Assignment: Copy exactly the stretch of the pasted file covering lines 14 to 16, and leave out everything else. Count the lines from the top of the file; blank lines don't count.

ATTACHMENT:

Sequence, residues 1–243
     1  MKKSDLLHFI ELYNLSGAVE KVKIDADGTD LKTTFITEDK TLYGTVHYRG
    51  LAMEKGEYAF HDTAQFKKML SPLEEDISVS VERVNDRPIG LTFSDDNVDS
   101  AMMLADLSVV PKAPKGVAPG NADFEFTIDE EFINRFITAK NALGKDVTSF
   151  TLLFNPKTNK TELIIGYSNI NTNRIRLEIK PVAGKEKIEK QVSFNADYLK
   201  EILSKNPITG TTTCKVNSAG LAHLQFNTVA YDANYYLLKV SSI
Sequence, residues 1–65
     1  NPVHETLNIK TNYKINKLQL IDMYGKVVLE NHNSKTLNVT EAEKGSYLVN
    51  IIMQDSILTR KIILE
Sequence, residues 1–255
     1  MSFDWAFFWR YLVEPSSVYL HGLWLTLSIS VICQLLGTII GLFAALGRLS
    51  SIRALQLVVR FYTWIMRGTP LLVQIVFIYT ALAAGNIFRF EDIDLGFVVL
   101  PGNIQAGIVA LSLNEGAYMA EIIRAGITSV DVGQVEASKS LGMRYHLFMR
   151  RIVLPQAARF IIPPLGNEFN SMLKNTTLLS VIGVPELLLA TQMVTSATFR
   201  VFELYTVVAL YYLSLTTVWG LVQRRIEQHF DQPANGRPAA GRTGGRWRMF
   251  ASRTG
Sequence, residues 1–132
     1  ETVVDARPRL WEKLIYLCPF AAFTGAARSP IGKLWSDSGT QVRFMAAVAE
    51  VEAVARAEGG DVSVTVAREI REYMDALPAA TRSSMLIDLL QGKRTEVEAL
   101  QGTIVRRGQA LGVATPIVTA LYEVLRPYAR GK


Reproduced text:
   151  RIVLPQAARF IIPPLGNEFN SMLKNTTLLS VIGVPELLLA TQMVTSATFR
   201  VFELYTVVAL YYLSLTTVWG LVQRRIEQHF DQPANGRPAA GRTGGRWRMF
   251  ASRTG